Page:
Timekeeping was born out of desire to make sense of the movement of the sun, the moon and the constellations. When the early horologists graduated from the sundial to gears and hands, one of the important events they tracked was the lunar cycle. This is because although the sun’s arc dictates days and seasons, the moon was the first method of telling the passing of months. The moon has always played a major role in man’s movements and daily existence, from the ebb and flow of tides to religious ceremonies, crop harvests and maritime navigation.
A moon phase watch shows the moon’s cycle as you see it in the sky, displayed in an aperture on the dial. This type of watch is representation of the passage of time and the most graphical as opposed to the more precise hands and numbers that other time pieces use. It is a whimsical and artistic complication, one that is fun to own, linking us with our sky watching ancestors.
The Moon has phases because it orbits Earth, which causes the portion we see illuminated to change. The Moon takes 27.3 days to orbit Earth, but the lunar phase cycle, from new Moon to new Moon, is 29.5 days. The Moon spends the extra 2.2 days “catching up” because Earth travels about 45 million miles around the Sun during the time the Moon completes one orbit around Earth. A “moon phase” is the lighted area of the moon that is visible as it travels around the earth. Astronomers have several names for the appearance of the moon throughout its cycle, from waxing gibbous to waning crescent, there are really only four phases you really need to know.
At the new Moon phase, the Moon is so close to the Sun in the sky that none of the side facing Earth is illuminated. In other words, the Moon is between Earth and Sun. As the moon travels through its monthly orbit, more of its surface becomes illuminated by the sunknown as “waxing”. At first quarter, the half-lit Moon is highest in the sky at sunset, then sets about six hours later. At full Moon, the Moon is behind Earth in space with respect to the Sun. As the Sun sets, the Moon rises with the side that faces Earth fully exposed to sunlight. Last quarter is when the left-hand side is visible, waning, until it finally goes back to a new moon again.
The moonphase was commonly found in the more complicated pocket watches in the late 19th and early 20th centuries before it changed to the wristwatch.
Behind the dial of a typical moonphase watch is a disc with two identical moons on it. This disc rotates one complete cycle every twenty-nine and a half days, with the waxing and waning face of the moon accounted for by the curved edges of the dial aperture. The true lunar cycle lasts 29 days, 12 hours and 44 minutes, so 29.53 day. In reality, the watch isn’t this cooperative with the moon disc, originally driven by a 59-tooth gear that advanced one notch by a mechanical finger every 24 hours, corresponding to one full rotation for the entire lunar cycle. This was proving to be off by .03 days per month means that the entire moon phase cycle will be off by one full day every two years, seven and a half months, requiring a manual correction roughly once every two-and-a-half years. A 135-tooth gear was introduced. This improvement increased the accuracy so that the moon phase complication will only be off by a day once every 122 years.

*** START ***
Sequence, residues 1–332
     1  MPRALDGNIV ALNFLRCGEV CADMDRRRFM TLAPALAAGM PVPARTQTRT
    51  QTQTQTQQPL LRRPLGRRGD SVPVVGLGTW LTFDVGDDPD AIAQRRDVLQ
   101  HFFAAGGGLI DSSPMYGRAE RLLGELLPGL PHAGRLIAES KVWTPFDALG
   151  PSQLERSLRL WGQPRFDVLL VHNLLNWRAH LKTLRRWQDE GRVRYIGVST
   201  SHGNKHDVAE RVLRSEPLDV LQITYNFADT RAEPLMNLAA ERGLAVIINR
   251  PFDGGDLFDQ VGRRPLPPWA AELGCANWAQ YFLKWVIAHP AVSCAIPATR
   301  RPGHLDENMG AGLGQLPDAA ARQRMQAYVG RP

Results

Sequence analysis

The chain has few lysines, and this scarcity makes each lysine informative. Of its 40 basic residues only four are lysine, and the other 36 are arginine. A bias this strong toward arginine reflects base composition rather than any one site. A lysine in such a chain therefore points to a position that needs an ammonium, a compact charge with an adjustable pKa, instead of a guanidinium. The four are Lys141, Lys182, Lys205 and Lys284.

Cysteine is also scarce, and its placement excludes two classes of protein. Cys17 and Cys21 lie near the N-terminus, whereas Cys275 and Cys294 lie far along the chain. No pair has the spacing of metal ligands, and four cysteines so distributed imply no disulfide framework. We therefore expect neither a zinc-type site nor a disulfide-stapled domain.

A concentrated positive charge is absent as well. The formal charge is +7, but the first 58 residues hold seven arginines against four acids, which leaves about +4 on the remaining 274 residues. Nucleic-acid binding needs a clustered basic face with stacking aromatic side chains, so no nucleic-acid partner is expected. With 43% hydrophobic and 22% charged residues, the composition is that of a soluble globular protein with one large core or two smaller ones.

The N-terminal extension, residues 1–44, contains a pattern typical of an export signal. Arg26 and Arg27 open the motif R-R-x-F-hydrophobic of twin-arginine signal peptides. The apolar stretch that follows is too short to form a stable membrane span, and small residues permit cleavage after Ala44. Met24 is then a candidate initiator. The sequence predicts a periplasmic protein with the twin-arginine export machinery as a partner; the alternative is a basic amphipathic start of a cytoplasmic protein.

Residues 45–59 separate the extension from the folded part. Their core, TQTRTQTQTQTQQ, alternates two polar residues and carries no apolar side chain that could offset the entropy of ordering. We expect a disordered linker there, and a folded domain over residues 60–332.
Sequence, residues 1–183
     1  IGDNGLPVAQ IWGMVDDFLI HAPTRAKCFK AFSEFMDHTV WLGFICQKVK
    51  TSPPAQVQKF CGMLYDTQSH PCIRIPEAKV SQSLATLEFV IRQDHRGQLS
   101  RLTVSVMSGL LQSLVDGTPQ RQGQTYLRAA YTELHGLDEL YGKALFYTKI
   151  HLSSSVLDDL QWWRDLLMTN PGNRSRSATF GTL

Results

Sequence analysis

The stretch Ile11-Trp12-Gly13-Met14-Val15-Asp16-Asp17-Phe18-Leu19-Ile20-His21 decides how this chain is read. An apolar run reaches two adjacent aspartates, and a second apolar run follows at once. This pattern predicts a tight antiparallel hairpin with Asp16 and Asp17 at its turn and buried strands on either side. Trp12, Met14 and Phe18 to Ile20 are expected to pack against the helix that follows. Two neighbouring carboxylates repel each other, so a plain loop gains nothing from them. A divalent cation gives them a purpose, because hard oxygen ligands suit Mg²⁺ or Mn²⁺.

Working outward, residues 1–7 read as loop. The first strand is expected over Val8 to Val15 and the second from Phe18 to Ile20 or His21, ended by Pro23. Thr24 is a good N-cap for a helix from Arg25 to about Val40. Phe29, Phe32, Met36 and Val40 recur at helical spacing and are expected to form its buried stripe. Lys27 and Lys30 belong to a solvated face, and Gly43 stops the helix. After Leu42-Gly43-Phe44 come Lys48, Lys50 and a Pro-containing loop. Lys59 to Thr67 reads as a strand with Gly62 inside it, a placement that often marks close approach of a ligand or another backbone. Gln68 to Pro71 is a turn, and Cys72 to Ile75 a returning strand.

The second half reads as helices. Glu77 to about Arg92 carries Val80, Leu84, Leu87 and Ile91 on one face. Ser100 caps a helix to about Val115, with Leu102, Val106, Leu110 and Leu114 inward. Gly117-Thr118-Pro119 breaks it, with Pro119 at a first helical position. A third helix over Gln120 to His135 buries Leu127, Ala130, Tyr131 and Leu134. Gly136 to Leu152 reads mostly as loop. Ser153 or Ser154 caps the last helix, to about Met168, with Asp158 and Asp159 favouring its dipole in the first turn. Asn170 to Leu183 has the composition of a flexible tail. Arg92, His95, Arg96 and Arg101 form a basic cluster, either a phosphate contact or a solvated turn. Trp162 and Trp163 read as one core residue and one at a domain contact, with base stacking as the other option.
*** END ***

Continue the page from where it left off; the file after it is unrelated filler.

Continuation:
Watch Agency’s pick of our favourite Moonphase watches.
ROLEX CELLINI MOONPHASE
The Cellini Moonphase has a white lacquer dial with a blue enamelled disc at 6 o’clock showing the full moon and the new moon, the former depicted by a meteorite applique and the latter by a silver ring. The moonphase is read via the indicator set at 12 o’clock on the subdial, as the full moon and new moon rotate through the lunar cycle. The Cellini Moonphase also displays the date around the circumference of the dial, via a centre hand with a crescent moon at its tip.
OMEGA SPEEDMASTER MOONWATCH
The Speedmaster is one of OMEGA’s most iconic timepieces, having been a part of all six lunar missions. Taking the spirit of exploration a step further, this new Moonphase features two infinitely small yet photo-realistic moons. This 44.25 mm model features a black sun-brushed dial, with rhodium-plated indexes. At 6 o’clock is the accurate Moonphase indication, which features a metallic crystal disc microstructured to obtain a high resolution image of the moon. The stainless steel case is complemented by a black ceramic bezel ring with Liquidmetal™ tachymeter scale and presented on a black leather strap with a polished-brushed foldover clasp. Powering the timepiece is the OMEGA Co-Axial Master Chronometer 9904, which has been officially certified by METAS.
BALLON BLEU DE CARTIER WATCH
Ballon Bleu de Cartier watch, 37 mm, mechanical movement with automatic winding, moon phases. Steel case. Silvered flinqué dial, Roman numerals, moon phases at 9 o’clock, blued-steel sword-shaped hands. Sapphire crystal. Steel bracelet, 180 mm wrist circumference. Case thickness: 13 mm. Water-resistant to 3 bar (~30 metres).
PATEK PHILIPPE 5159
Patek Philippe 5159 R Perpetual Calendar Retrograde, 5159R-001, 5159R001, 18k rose gold on a strap with an 18k rose gold deployment buckle, automatic movement, day, retro date, month, moonphase, leap year, centered sweep seconds hand, half hunter case, silver dial with center guilloche, sapphire crystal, water resistant to 25 meters.
JAEGER-LECOULTRE RENDEZ-VOUS MEDIUM
A shimmering presence on the dial, the moon majestically moves over the face of this stainless steel Rendez-Vous Moon Medium watch. Its diamond setting and stainless steel bracelet add a supremely feminine, jewellery-like sophistication.Stainless Steel, Water-resistance to 3 bar.